In total 24 female figures stand above the architrave in the Great Hall. However, there are only eight unique figures in the set as figures 4, 5, 7 and 8 are repeated twice, whilst figures 1 – 3 and 6 are repeated four times. The locations of these statues in the Great Hall is also illustrated in the Art Locations section.

In 1865 the Great Hall was expanded under the architect David Bryce, who ordered the roundel portraits and high relief figures from George MacCallum. The female figures cost £17 each and the entire group of 24 came to the considerable total of £408. However, whilst MacCallum was paid for the pieces it cannot be conclusively stated that he was responsible for their creation, as he may have purchased the figures from another source, potentially D. Brucciani & Co. who were major manufacturers of plaster casts of classical sculptures during this period.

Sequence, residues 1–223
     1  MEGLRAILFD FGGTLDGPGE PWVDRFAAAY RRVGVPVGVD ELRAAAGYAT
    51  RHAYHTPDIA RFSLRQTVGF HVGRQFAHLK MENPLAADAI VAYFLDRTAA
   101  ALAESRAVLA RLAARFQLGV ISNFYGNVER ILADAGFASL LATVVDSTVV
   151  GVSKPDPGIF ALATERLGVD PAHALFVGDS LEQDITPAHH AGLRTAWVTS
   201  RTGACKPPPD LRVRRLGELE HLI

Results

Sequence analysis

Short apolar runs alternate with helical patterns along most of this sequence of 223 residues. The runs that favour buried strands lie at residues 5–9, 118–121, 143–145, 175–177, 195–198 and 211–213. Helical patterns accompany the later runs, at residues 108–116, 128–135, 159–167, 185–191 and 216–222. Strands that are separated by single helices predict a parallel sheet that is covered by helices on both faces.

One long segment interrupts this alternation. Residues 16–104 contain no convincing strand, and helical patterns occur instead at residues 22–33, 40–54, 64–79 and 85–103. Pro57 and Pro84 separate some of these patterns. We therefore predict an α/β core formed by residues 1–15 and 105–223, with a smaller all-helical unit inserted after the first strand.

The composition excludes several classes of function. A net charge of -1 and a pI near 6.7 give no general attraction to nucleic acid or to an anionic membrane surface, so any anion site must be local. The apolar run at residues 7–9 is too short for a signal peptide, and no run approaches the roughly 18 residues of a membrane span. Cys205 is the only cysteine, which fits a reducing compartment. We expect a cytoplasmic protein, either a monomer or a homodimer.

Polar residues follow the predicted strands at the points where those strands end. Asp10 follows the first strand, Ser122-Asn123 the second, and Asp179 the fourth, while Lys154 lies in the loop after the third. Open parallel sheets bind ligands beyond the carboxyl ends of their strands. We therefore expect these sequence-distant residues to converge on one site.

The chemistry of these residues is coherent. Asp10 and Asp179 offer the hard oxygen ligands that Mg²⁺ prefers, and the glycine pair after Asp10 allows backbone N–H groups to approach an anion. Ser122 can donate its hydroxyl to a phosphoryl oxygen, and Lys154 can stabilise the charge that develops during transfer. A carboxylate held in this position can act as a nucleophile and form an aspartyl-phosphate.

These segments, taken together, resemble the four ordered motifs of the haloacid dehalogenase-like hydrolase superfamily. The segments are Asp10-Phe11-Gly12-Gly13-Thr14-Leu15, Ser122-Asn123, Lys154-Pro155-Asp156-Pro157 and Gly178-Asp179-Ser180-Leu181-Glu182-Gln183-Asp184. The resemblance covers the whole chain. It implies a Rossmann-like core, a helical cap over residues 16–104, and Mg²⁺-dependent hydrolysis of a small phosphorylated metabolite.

It has been suggested that these classical female statues may be intended to represent Hygeia, who is also depicted in a statue above the main portico. However, as all of the figures in the hall, with the exception of figure three, are represented without the traditional symbols of Hygeia, the snake and cup, it is not possible to definitively conclude on the identity of these classicised female figures. Therefore, it is possible that these figures were chosen for their aesthetic effect rather than any symbolic importance.